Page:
My reps at the time told me things like that when I was making The Other Lamb, yes! “You’re a newcomer so you cannot ask for big money, you are a newcomer so you have to do this and that…” But I’d been working as a filmmaker for 18 years, you know? You’ve got to be kidding me! And you’re right, it was the same when I did my first studio film, Infinite Storm. Eventually I was asked to do a TV series, and in the end, I said, “No, thank you,” because I just don’t want to go through being a newcomer again.
Did it feel like a new kind of success or breakthrough when you did your first studio film though?
Actually with InfiniteStorm, it was right after the pandemic, and my distributor, Bleecker Street brought it to cinemas, but it didn't work. At the time, people were so afraid to come back to cinemas after the pandemic… So in my case, I actually feel like my independent cinema — films like Mug, or Body, which premiered at Berlinale… I found these experiences much more satisfying. I felt they gave me a certain prestige or recognition, more so than the Hollywood films. And now when an actor wants to work with me, I ask my reps to show them these films, the ones which have competed in Venice, the films from my soul, which are made in my own language, rather than my American films. I love those films but I don’t think this is something I fully connected with, you know?
“I feel much more satisfied doing my own things, being a leader, working with actors who are interested in my individual voice.”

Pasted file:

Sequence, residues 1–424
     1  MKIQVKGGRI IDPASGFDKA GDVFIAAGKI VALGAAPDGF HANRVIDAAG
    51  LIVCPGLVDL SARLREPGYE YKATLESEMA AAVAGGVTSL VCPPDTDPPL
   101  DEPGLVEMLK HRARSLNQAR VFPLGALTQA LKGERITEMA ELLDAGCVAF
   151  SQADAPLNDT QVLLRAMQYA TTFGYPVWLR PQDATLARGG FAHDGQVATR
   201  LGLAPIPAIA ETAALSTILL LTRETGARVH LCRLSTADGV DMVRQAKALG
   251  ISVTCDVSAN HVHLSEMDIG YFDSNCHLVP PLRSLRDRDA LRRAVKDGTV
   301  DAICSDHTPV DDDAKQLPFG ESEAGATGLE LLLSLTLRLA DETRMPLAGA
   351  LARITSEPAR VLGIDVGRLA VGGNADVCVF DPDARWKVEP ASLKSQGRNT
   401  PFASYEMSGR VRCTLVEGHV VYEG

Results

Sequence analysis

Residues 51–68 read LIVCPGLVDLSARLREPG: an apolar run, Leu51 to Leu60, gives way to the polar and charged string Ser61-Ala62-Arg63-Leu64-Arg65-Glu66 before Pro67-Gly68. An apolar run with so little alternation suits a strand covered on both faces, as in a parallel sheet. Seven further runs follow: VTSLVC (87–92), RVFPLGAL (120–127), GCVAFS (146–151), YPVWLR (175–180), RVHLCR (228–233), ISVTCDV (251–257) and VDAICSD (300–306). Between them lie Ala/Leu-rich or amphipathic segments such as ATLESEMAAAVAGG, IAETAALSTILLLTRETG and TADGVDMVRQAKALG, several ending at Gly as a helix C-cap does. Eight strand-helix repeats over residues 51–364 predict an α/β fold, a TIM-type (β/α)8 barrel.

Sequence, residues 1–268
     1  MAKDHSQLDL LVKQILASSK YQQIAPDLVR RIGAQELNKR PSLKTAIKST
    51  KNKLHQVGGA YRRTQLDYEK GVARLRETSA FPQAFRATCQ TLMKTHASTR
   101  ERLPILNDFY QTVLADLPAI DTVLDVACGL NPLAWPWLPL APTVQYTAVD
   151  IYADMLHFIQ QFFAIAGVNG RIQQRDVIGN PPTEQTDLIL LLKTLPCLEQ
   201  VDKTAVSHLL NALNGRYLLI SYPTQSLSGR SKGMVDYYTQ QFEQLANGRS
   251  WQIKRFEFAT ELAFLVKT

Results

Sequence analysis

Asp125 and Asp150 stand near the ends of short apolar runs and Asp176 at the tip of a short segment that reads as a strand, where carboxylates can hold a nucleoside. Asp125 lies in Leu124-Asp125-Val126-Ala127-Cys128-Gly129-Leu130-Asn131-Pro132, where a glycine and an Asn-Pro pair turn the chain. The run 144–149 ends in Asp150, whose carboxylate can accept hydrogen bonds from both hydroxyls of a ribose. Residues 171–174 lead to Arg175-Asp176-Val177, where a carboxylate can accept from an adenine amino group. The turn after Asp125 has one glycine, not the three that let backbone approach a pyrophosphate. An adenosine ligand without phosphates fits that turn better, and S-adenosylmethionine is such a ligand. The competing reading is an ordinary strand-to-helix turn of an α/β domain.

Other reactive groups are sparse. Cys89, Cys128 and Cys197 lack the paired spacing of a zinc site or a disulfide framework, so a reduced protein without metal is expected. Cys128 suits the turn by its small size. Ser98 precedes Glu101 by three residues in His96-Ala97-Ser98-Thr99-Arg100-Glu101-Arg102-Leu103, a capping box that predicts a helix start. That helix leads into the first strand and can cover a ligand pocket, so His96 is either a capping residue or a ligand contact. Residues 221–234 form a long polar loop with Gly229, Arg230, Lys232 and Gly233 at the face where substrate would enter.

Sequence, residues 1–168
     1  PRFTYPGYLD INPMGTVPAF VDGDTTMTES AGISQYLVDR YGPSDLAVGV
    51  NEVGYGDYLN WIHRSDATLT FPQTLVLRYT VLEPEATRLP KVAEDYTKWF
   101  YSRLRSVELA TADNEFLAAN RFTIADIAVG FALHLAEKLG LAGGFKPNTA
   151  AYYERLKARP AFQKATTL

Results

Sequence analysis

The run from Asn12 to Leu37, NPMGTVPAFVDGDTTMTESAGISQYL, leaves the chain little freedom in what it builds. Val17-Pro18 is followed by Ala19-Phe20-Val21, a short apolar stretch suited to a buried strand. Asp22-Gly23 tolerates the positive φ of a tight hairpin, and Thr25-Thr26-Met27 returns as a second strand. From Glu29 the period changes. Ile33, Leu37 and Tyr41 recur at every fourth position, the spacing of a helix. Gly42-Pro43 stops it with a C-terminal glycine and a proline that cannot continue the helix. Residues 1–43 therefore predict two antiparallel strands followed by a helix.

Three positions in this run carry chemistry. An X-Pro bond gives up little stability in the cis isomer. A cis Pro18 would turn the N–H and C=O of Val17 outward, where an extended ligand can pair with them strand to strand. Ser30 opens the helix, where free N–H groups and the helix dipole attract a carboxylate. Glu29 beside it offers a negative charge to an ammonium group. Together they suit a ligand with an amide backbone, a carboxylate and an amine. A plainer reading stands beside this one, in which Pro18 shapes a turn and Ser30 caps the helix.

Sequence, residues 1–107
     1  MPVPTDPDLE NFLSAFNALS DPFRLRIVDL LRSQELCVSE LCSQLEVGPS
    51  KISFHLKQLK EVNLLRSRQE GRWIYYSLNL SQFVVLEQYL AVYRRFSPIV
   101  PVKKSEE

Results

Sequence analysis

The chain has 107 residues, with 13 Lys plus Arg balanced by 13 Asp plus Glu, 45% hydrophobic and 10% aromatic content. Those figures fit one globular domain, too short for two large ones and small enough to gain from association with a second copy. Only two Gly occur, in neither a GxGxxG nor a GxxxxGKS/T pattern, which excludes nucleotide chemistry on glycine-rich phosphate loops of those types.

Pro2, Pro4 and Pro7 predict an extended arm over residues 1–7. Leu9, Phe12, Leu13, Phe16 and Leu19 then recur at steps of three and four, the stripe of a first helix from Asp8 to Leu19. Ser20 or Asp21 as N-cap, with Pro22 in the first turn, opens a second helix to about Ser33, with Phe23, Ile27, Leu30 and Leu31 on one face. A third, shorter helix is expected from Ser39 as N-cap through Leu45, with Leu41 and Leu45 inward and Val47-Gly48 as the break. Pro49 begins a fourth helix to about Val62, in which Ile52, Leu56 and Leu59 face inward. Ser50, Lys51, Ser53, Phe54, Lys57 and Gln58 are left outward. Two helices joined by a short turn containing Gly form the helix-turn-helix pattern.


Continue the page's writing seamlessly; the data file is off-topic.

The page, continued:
So you’re not chasing to do another Hollywood film?
No. But if I were to make another one, I would do it by my own rules! My own script, shooting in Europe, things like that. So, no, I don't feel myself fighting to be a part of Hollywood. Not at all.
Where do you envision yourself heading? Will you continue to make independent cinema even if it’s not necessarily as lucrative as Hollywood filmmaking?
Of course, if a super cool streaming project or huge Hollywood film came along, I wouldn’t reject it. I’m not stupid! But my latest film, Woman Of… has been at Venice, it’s got great reviews, it’s been showing in cinemas everywhere in the world. It’s a huge success. This is a prestige for me, and that’s the model I really appreciate. But as far as where I envision myself, I am planning to develop my production company and maybe be able to produce some short films, documentaries, to help build up the industry for young filmmakers. I feel much more satisfied doing my own things, being a leader, working with actors who are interested in my individual voice.
Does that mean you are hopeful for the future of independent cinema?
Not really! I was very hopeful even half a year ago that there would be a niche for independent cinema. And I do see that people in Poland, for instance, they are coming back to cinemas, but only for those very huge entertainment shows. I mean, it’s really hard to survive in cinema. Maybe things will be different in a few years… But I'm not sure yet how or when that will happen. The only hope is that we are doing our own stuff. These days you have no clear answers, everything is totally unstable and changing super quick because of social media, AI, everything… I think the only thing you can do is stick to your own feelings and needs and desires. It’s the only thing you can do as a filmmaker.